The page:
A Valentine for the Ages
In honor of Valentine’s Day, the RadioLab guys (LOVE the RadioLab guys) were on NPR’s Morning Edition with a sweet story of love and science. It combines two of my favorite things, love and space exploration, and I liked it so much I had to try not to cry in the car.
First a little back story. In 1977 NASA launched the Voyager 1 and 2 space probes. The main mission of these probes was to explore the outer solar system. Many of you may remember the awesome images of Jupiter, Saturn, Uranus and Neptune sent back by the probes in the early to mid-1980’s.
Now, NASA knew that the probes were never going to come home, they would just float off into the far reaches of space. NASA figured, well, some day, maybe a thousand million years from now, some alien civilization may run across these things and wonder what they are. Kind of like in the original Star Trek movie. But less hokey.
In 1977 astronomer Carl Sagan created a message for the Voyagers to carry into space. The Voyager Golden Record contains images and sounds from Earth, including music and greetings in 50 different languages. So if in a thousand million years a civilization hundreds of light years away finds this record and figures out how to play it, it will say hi, we’re the people of planet Earth. Here’s where we live, who we are, and what our planet is like.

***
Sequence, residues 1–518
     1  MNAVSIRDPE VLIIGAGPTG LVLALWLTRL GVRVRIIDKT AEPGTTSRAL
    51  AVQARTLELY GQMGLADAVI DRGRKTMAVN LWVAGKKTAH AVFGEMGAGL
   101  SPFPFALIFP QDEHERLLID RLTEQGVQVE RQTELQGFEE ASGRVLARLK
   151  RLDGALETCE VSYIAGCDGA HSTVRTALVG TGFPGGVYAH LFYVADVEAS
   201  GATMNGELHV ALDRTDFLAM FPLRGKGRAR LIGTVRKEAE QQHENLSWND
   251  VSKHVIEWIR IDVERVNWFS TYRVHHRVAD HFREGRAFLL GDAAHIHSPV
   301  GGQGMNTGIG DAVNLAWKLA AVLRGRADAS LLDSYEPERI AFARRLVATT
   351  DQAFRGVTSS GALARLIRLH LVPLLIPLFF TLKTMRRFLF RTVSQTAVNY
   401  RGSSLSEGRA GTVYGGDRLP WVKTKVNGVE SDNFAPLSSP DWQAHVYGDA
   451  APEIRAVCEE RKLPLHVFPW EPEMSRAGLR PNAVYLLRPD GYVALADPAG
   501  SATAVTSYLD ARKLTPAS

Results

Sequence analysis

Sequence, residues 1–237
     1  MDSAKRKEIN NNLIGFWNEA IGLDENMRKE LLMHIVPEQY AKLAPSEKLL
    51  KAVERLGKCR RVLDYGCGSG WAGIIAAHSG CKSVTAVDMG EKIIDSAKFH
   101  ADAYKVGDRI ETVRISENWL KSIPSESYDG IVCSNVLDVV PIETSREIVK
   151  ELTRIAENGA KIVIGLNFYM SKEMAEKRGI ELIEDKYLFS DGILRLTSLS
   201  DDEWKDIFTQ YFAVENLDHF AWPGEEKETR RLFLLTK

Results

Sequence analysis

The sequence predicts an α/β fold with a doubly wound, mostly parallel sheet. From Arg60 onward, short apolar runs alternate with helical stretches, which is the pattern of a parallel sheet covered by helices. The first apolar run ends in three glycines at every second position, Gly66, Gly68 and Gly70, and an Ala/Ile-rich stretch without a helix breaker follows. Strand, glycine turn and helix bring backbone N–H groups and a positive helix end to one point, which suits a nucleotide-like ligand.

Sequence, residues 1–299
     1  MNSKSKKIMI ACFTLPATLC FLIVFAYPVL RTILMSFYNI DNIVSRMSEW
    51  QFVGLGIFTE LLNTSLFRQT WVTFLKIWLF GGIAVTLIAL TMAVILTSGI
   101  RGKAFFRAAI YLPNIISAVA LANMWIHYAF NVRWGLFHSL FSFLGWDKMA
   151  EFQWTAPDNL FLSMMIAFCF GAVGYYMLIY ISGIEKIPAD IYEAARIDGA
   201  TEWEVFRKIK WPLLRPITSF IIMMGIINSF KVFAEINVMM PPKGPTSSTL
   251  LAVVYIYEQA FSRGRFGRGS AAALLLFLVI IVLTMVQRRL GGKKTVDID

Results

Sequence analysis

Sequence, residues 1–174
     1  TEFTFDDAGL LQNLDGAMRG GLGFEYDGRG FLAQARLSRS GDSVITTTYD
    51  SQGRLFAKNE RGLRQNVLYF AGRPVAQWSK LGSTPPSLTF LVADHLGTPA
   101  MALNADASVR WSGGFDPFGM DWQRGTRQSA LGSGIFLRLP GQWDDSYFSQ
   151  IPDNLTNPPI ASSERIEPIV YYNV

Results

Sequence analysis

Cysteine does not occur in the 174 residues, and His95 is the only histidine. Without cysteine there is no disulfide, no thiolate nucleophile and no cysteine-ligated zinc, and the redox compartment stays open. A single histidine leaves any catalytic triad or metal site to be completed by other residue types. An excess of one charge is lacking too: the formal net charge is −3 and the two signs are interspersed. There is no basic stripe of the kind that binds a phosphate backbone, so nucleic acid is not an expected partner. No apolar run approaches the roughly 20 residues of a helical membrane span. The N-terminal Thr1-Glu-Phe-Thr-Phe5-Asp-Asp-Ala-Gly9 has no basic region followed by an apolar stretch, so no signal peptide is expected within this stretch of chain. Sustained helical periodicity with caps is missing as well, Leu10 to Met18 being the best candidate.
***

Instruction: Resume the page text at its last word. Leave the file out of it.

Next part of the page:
Here’s where the romantic part comes in. Carl Sagan’s future wife Ann Druyan worked with him on the Voyager project. I don’t want to give away too much, so you can listen to her tell the story in the original episode here. But part of that recording is very personal. A sort of portrait of a woman at the beginning of her courtship with the man she would later marry. Carl Sagan passed away in 1996, but his wife’s love for him will carry on long after she is gone too. Long after all of us are gone, into the farthest reaches of space and time. A valentine for the ages.